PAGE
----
The way we work has always influenced where we live and what type of home we buy. The Bureau of Labor Statistics reported that in the past year, 25% of the workforce worked from home at least part of the time. Based on the world we live in, that statistic will likely only increase. Due to remote work, we’re spending more time at home than ever before, and this is changing the criteria we use when shopping for a home.
Specifically, remote work is changing the way people buy homes in three important ways:
1. It’s expanding the geography of the home search. Since they’re not tied to a specific commute time to the office, buyers are looking further away from city centers to find their home. They’re also prioritizing lower taxes and school districts over distance from work.
2. It’s causing more buyers to look for dedicated office space. For many years, buyers’ focus centered on open concept floor plans, and many still prefer this type of floor plan. However, more and more are looking for a dedicated, private space they can make into an office. Perhaps it’s an actual office space, an additional bedroom, or extra space in the basement or attic that they can convert. Conversely, they’re no longer prioritizing things like home gyms and theaters.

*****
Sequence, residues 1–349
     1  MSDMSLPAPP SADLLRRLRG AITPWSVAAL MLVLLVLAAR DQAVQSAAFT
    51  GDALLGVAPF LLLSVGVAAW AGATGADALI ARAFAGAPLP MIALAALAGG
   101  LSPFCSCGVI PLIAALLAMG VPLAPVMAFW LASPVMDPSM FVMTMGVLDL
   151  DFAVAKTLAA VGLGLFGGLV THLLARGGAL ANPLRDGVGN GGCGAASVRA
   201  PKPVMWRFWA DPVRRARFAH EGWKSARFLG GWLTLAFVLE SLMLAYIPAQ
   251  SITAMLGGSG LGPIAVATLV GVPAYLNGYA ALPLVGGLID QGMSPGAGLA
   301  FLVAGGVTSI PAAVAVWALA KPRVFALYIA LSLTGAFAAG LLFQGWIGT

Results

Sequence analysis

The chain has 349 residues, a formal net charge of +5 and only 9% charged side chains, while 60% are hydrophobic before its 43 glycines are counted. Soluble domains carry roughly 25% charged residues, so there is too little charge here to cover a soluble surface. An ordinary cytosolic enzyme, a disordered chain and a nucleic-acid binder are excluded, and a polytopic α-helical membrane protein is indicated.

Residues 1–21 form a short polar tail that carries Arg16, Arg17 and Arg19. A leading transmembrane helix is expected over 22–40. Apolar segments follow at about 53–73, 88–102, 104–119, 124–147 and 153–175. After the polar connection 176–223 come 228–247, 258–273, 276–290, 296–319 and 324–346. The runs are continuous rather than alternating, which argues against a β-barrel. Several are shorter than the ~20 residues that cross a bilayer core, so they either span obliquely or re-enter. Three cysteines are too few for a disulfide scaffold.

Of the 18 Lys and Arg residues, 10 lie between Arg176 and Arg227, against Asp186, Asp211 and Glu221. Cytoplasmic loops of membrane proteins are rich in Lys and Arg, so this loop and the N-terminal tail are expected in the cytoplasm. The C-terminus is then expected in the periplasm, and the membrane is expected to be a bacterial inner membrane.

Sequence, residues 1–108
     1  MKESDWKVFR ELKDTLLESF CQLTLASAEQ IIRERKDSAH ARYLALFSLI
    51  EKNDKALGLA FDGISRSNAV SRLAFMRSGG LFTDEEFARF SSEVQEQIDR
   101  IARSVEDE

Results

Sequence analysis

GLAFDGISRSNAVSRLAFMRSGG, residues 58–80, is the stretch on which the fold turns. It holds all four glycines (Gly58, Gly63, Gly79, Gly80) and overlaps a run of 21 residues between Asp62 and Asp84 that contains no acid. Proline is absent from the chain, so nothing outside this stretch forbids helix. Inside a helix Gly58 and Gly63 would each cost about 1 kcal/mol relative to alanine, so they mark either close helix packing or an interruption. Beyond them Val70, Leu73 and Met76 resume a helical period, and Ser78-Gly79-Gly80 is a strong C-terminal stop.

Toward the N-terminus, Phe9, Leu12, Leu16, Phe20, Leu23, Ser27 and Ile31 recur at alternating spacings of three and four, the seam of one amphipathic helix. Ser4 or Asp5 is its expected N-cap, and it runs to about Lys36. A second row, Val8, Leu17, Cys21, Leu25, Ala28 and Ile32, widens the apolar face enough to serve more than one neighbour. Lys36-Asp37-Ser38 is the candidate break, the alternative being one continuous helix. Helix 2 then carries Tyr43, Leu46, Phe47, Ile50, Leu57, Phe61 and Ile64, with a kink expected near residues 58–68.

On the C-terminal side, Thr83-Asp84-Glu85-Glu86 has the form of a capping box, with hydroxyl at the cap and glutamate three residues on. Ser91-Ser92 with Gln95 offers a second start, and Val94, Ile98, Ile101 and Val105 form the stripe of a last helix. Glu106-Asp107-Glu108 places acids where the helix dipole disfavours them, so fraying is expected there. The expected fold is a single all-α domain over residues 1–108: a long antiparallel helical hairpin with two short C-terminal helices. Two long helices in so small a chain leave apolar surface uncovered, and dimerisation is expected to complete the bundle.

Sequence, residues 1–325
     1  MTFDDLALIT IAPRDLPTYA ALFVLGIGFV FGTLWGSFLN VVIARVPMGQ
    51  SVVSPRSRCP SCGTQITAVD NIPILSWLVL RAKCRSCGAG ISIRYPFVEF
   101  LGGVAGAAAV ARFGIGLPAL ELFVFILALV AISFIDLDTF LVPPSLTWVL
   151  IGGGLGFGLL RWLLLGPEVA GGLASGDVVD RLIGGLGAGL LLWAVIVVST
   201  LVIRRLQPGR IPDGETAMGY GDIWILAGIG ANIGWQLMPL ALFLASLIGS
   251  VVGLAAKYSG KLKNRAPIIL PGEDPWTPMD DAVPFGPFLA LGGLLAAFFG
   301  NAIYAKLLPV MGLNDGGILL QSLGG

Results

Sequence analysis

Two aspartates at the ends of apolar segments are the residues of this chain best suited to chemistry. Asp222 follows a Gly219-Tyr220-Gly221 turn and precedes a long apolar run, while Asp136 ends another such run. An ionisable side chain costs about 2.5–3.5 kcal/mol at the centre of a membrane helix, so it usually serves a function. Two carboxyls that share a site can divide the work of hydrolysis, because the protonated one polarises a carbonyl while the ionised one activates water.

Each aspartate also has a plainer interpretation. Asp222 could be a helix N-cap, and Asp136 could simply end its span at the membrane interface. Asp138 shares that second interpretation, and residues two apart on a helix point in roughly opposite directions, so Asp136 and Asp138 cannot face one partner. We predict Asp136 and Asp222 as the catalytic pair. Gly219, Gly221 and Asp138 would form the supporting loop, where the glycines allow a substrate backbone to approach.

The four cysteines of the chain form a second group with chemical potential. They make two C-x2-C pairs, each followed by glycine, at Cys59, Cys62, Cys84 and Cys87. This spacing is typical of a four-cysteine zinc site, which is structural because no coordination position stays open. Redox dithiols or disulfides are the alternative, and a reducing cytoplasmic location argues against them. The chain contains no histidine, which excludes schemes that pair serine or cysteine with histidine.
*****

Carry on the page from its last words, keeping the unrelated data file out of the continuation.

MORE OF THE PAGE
3. It’s causing more buyers to settle down for the long haul. Back in the 1980s, people moved and sold their homes every five or six years. Now that average has increased to nine to 12 years. It’s more important for modern buyers to get the space they need right now instead of moving later on to get that space.
In closing, it’s likely that companies will continue to offer flexible working arrangements, thereby giving greater freedom to prospective buyers. Sellers who modify their listing by adding a private home office may find themselves at a great advantage.
If you have questions about this or any real estate topic, don’t hesitate to reach out to me. I’m here to help.